No Free Refills is a pop culture podcast hosted by Ezra Baker (Stumptown Coffee) and Tymika Lawrence (Atlas Coffee), produced by Sprudge collaborator Jeremy Hernandez. This is a totally new and different kind of coffee show: pop culture obsessives Ezra Baker and Tymika Lawrence are offering guided deep dives into the world of reality TV, internet culture, and modern life. Fueled by a delicious pot of coffee at the start of each episode, our hosts tackle the big issues, revel in the mess, and offer plenty of laughs along the way.
Episode One: 90 Day Fiancé
In the first episode, Ezra and Tymika talk about their favorite reality television show of the moment: TLC’s 90 Day Fiancé.
Special thanks to site hosts Stumptown Coffee. Show produced by Jeremy Hernandez. Edited by Zachary Carlsen.
Episode Two: A Very Special Episode
Lawrence and Baker dive deep into classic episodes of A Different World, the Cosby Show spin-off focused on Denise Huxtable’s life at a Hillman College, a fictional historically Black college located in Virginia. Honeymoon In LA—the two-part premiere of Season Six, aired in September 1992—starts after the “wedding episode” of ADW (“a classic moment of Black television” says Baker) and takes place during the 1992 Rodney King riots in Los Angeles.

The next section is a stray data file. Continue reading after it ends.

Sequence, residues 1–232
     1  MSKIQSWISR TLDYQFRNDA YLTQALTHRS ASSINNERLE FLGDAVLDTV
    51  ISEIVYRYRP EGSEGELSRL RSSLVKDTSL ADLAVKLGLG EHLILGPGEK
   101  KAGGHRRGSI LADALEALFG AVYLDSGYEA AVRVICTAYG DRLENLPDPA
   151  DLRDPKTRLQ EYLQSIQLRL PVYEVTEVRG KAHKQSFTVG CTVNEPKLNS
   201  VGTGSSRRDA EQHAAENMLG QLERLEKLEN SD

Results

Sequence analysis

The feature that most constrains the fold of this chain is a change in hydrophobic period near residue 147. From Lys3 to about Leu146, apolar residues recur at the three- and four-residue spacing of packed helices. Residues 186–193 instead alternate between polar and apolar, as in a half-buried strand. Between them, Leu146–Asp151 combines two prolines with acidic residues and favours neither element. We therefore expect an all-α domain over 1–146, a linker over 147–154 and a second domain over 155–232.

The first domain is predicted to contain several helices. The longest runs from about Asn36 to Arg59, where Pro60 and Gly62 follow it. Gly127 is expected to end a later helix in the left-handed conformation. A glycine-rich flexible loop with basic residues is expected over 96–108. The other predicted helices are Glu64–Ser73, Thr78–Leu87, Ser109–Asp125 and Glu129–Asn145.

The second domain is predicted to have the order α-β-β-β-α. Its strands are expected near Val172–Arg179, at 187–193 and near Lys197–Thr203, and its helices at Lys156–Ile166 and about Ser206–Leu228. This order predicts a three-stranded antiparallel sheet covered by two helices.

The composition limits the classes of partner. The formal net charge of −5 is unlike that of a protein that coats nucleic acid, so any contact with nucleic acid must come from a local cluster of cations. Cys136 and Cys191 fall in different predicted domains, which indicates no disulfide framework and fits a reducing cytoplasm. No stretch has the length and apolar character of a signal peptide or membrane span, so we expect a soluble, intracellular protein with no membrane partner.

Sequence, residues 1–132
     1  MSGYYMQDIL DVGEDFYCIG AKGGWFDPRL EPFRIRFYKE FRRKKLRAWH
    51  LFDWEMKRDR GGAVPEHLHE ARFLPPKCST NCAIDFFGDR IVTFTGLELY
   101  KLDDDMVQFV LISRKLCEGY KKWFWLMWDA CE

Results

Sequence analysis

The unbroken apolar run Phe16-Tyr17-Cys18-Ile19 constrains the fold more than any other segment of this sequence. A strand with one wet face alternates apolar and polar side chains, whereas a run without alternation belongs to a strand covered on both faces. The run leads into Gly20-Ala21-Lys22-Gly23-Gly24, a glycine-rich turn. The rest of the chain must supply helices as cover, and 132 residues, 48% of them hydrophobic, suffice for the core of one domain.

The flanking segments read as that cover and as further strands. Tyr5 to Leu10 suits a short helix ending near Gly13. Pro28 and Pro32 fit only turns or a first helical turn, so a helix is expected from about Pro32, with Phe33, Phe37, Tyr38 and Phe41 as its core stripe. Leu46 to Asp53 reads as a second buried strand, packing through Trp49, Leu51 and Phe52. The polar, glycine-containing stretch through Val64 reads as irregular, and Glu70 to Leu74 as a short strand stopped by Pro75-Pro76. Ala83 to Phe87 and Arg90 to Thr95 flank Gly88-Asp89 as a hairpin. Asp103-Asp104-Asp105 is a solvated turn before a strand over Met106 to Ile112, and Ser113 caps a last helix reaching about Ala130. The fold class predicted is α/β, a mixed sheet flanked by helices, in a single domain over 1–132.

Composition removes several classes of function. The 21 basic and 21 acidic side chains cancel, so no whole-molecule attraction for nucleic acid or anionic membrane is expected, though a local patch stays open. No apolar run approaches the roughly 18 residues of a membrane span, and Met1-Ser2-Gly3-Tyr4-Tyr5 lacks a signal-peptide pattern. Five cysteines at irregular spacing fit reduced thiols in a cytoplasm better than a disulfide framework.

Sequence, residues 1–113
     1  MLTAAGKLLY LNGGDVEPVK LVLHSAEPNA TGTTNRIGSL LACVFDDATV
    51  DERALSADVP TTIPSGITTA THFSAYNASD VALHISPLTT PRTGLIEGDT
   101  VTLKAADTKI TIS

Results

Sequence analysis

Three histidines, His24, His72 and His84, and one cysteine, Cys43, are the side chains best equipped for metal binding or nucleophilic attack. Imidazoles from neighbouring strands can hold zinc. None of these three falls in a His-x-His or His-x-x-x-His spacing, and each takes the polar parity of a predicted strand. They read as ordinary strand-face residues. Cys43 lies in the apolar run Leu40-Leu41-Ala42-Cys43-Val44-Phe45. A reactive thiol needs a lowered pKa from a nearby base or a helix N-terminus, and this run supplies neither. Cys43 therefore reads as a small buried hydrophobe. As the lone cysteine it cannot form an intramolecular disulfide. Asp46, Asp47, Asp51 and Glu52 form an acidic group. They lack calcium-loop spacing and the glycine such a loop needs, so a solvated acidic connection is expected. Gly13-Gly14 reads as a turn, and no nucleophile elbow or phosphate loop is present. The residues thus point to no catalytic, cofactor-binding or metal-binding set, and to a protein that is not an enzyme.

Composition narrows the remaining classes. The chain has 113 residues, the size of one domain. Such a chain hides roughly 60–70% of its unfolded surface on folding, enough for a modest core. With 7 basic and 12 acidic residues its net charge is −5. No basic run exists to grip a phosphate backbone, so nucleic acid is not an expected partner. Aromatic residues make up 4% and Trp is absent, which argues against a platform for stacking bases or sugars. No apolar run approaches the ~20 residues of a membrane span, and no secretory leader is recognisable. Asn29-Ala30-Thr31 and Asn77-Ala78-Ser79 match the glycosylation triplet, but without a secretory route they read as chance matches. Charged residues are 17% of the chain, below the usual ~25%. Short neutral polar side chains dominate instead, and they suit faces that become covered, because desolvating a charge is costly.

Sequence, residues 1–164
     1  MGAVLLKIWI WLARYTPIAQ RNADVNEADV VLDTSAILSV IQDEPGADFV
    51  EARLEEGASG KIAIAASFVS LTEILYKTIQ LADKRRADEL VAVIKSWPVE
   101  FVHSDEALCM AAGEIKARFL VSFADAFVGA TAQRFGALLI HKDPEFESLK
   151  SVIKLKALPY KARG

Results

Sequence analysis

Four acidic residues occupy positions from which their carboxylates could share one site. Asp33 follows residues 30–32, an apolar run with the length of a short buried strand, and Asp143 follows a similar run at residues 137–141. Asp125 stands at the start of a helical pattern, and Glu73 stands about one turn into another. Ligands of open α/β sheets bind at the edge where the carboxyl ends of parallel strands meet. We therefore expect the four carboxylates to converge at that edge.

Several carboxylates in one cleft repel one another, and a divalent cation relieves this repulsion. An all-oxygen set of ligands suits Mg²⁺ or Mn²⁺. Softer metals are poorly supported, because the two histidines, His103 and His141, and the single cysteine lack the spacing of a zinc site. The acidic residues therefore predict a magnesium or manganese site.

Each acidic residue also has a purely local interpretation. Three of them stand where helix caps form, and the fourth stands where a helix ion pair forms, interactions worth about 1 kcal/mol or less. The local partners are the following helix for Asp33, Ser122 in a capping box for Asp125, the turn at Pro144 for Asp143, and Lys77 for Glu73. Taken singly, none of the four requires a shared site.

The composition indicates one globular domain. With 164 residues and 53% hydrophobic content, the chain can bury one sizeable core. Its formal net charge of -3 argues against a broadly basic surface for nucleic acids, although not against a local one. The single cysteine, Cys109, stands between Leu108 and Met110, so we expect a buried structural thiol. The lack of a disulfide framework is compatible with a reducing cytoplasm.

“A Different World always did a good job of getting Black people from different walks of life, and different socioeconomic levels, points of view, showing them together… and it’s pretty accurate! We do have different points of view,” says Baker. “Like literally anyone,” adds Lawrence. “Black people are not a monolith. Even inside of our community, we have different relationships to certain kinds of experiences.”
“Rewatching this show at this time is a little bit of a knife in the chest,” says Lawrence, as she and Baker weave this very special episode from nearly 30 years ago into today’s moment. “Political disturbance is one part of the plan of multi-faceted resistance that works,” Lawrence adds. “How many Black women and Black men have died just in the last five years? It took literally protests happening in all 50 states and other countries to make a movement.”